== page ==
The Democratic senators could have voted to repeal HB2 and then voted against the moratorium when that bill was introduced, but because Cooper told them to vote against the repeal they did so in unison. It shows a great deal of party discipline but it didn’t help the state get out of this HB2 debacle.

Now, after all of that, the Republicans are still being blamed for HB2, despite the fact that it passed originally with bipartisan support in the House and no opposition in the Senate and the only elected officials who have voted for the repeal of HB2 are 16 Republican senators.

It’s understandable that Cooper would work to stop any deal on repealing HB2 while he was running for governor. It was a great issue for him in areas like Charlotte, where McCrory had been mayor and had a lot of support. But more importantly, it allowed him to raise money nationwide.

But it seemed like once the election was over and Cooper won, having HB2 repealed could be a feather in his cap. However, until the Supreme Court decision this week that the state, for now, would not be required to hold elections in 2017 in newly drawn legislative districts, it appeared there would be a election for the legislators in 2017. Because of the number of districts that the courts were requiring the state to redraw, it seemed likely that a statewide election would be held.

The word in Raleigh is that Cooper saw the situation he was in, with veto-proof Republican majorities in both the Senate and the House, and was hoping to change that in the 2017 election. To do that the Democrats would need money and HB2 opens the doors for nationwide fundraising.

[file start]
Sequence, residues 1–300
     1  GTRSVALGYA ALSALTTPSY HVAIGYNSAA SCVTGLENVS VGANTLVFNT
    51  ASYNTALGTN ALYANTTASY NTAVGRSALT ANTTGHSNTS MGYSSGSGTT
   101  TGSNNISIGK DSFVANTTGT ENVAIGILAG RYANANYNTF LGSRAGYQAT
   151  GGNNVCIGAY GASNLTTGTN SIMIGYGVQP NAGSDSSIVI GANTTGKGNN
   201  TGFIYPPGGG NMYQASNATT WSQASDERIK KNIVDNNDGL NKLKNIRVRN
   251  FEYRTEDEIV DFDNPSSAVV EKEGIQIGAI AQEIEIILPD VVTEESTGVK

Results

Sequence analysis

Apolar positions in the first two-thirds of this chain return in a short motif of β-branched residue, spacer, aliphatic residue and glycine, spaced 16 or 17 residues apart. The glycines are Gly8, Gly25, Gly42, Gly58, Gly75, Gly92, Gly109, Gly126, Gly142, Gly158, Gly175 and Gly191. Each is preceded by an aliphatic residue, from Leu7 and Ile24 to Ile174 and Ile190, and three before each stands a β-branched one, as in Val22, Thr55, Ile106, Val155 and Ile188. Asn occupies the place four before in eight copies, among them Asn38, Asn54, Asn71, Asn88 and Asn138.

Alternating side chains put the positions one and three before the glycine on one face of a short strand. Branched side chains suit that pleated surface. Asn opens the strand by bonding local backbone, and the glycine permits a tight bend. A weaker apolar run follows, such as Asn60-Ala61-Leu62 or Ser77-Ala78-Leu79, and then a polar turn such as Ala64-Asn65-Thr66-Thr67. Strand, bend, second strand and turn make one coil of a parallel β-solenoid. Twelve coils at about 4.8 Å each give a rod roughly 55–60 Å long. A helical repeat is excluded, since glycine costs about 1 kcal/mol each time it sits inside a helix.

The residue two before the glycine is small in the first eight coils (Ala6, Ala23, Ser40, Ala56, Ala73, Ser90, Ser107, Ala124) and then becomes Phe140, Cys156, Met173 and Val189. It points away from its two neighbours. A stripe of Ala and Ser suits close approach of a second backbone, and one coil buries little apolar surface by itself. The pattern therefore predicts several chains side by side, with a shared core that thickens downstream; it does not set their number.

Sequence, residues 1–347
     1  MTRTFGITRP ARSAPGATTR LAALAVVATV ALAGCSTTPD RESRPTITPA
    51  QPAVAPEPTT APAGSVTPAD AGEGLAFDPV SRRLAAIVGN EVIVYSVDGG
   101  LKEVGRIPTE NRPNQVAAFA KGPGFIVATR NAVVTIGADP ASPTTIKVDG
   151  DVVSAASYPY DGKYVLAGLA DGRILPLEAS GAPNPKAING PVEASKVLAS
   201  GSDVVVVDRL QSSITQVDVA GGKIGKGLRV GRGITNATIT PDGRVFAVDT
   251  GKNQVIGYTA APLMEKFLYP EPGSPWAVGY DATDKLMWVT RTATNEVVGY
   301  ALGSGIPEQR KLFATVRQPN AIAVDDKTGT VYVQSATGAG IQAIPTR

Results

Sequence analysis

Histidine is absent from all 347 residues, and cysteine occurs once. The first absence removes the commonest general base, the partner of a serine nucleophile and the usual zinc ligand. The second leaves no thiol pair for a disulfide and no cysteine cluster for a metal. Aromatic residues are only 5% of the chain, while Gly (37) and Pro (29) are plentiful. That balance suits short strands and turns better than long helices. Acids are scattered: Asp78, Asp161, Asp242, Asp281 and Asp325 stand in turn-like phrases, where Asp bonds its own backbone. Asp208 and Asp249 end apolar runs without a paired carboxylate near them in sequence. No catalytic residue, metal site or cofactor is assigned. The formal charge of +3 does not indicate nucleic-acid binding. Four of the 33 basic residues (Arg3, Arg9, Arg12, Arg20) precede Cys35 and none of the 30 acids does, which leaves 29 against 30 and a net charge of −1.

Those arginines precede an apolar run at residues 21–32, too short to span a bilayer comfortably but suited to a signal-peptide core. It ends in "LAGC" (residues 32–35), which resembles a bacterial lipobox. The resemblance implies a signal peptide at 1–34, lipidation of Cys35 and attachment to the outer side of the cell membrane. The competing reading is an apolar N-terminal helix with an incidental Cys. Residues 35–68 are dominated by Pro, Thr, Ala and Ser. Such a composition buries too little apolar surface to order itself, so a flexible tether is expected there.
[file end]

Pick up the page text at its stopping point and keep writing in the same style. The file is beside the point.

So the reason that Cooper killed the deal according to some Republicans is that he wanted to be able to continue to raise money nationwide for the upcoming 2017 elections. It’s pretty cynical but it makes more sense than simply being opposed to a possible moratorium that would prevent cities from passing laws that they don’t have the authority to pass in the first place.

The Republican state Senate leadership certainly thought they had a deal with the Democrats, and Ford confirms that it was Cooper who convinced the Democrats in the Senate to vote against the bill.

The problem for North Carolina is that it is going to be extremely difficult to put a deal together at this point to repeal the bill. Particularly in rural areas, there is a lot of support for HB2. It’s hurt cities like Greensboro, Charlotte and Raleigh, but in areas that don’t have big national acts coming and aren’t looking for much in the way of economic development it has had little effect, except to tell people to do what they have done all their lives.

But it is of particular concern for Greensboro because of the NCAA, which is going to announce the tournament sites for the next four years in April. The Greensboro Coliseum has bids in on 53 events and the NCAA has said that unless HB2 is repealed it won’t consider locations in North Carolina, which locks the Coliseum out of NCAA events through 2021.

It looks like, far from solving the problem with the special session in December, because of the lack of trust it engendered, the special session is going to make it far more difficult to repeal HB2.